Let me know when that tide's coming in won't you

Let me know when that tide's coming in won't you

Sunday 25 February 2018

Waxwing on my doorstep.

There's something about the Waxwing that has that Wow factor for me. So when one was reported just 15 minutes away from my front door, I couldn't not go and see it. I usually see them in larger flocks, but this was a single bird that had been around for a few days and had a ready supply of berries on hand.
It was a cold grey day, and the sky was typical of many that are the background of my Waxwing pictures. Thankfully the bird itself does enough to brighten up even the dullest shots.
Only gripe I have is that it stayed in between the branches of this tree and it was difficult to get a clean shot of it. Shouldn't really complain. The bird was happy enough, I was happy to add it to my year list and delighted to catch up with one again.

Sunday 18 February 2018

Hooded Crow

I'd seen that a Hooded Crow had been in Wigan for a week or two, or at least reported for a week or two. I'd always wanted to see one and it wasn't too far away. I didn't want to miss out, or have that regret of missing out, when it was not even 30 miles away. So I made the effort to go and see it. A close relative of the Carrion Crow, it is usually confined to northern Scotland, Ireland, Northern Ireland and the Isle of Man.

On arrival it had been flushed/scared off by an over enthusiastic photographer. Now these are really getting on my nerves, as they are giving most, if not all bird photographers a bad name. They have no field craft and move selfishly towards the birds to get better pictures and ultimately flush them. This means no one gets to see them properly. They will then move/chase after the bird. When will they learn, that if you just stay still and maybe even hide out of view that the birds may actually come to you? This means that you can get your pictures and those that have no interest in photographing them can also enjoy the bird for as long as possible. They are there for everyone, so stop being so selfish.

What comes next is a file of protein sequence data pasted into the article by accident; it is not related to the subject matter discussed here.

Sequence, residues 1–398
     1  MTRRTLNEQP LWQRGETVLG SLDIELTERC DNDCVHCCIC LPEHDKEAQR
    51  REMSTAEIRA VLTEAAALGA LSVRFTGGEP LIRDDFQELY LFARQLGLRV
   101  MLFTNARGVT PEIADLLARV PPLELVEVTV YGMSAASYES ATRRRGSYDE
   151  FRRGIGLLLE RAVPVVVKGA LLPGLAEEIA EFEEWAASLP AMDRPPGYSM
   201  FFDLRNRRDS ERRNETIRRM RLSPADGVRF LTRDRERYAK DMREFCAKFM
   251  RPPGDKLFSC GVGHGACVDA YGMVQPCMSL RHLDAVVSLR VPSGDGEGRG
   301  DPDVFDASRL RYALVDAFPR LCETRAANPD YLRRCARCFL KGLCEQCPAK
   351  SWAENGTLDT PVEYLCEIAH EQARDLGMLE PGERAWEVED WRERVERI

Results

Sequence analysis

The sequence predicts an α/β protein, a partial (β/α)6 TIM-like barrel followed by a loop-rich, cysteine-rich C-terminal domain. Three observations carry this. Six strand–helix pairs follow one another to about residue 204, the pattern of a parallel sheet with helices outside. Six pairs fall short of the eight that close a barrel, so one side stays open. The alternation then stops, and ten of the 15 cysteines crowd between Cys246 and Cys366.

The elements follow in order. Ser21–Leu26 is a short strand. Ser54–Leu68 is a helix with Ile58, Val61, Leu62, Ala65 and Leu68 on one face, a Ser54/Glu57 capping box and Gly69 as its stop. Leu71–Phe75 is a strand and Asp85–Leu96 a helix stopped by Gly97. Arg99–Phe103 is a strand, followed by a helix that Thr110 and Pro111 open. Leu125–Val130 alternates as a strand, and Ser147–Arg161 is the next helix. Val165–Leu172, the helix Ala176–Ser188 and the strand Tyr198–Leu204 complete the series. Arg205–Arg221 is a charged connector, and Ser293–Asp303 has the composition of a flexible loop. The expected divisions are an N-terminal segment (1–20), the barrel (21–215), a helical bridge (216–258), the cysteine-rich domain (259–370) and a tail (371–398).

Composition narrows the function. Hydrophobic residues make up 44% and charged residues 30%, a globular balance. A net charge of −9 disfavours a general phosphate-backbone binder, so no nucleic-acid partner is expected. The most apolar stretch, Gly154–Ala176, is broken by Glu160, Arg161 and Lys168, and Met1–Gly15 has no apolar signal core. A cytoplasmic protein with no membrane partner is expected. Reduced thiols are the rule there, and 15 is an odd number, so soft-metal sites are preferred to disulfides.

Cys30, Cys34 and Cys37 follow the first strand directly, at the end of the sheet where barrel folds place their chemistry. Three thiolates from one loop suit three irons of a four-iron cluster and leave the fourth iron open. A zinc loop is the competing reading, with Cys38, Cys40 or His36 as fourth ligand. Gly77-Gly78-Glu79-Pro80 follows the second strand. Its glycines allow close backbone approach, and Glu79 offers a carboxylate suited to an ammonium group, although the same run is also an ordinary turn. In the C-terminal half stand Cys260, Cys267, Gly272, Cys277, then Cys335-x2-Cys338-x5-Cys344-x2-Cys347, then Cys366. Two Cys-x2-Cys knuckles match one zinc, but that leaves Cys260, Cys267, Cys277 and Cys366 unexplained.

Anyway, now I've got that off my chest. It eventually flew back and spent a lot time on the heath, and gave me good views and even a fly past. Very pleased with this particular lifer.

With patience, it came closer.

Sunday 11 February 2018


Every year I make specific trips to Lynford Arboretum in Norfolk to attempt to see the Hawfinch. Most prove fruitless. I've seen them on a couple of occasions, but they have all been distant and for not long at all. For my Birthday treat I decided I would take a trip down to Darley Dales in Derbyshire to see if I would have any joy finding a flock that had been in the area recently.
On arrival, there were several behind St Helen's church high up in the trees. They soon moved off, and here began the game of cat and mouse around the church yard. They would disappear for some time, then come back for a few minutes. I did get some good views, although I could always want a bit more.
A great bird and the largest of the finches. I'm happy to tick it off again for this year.

When they did come close, they stayed well in cover and into the light.

These pictures were the best I could muster. Always room for improvement.

Tuesday 6 February 2018

Common Gull

I'm not huge fan of gulls. Mainly as I really struggle with their identification in their many different phases of plumage. One that I do like a lot though is the Common Gull. There seem to be many in Norfolk and it's where I seem to come across them without looking out for them.

I do like the stripey head.

Thursday 1 February 2018

Little Egret

A bird that 10 years ago, or maybe less, would have had me hotfooting it take a look, is the Little Egret. A real success story in it's recolonisation of parts of this country, it's now a rare day when you don't see one on a coastal visit. This chap was standing on it's own at Salthouse. Maybe it was waiting for it to warm up, as it was really cold that morning.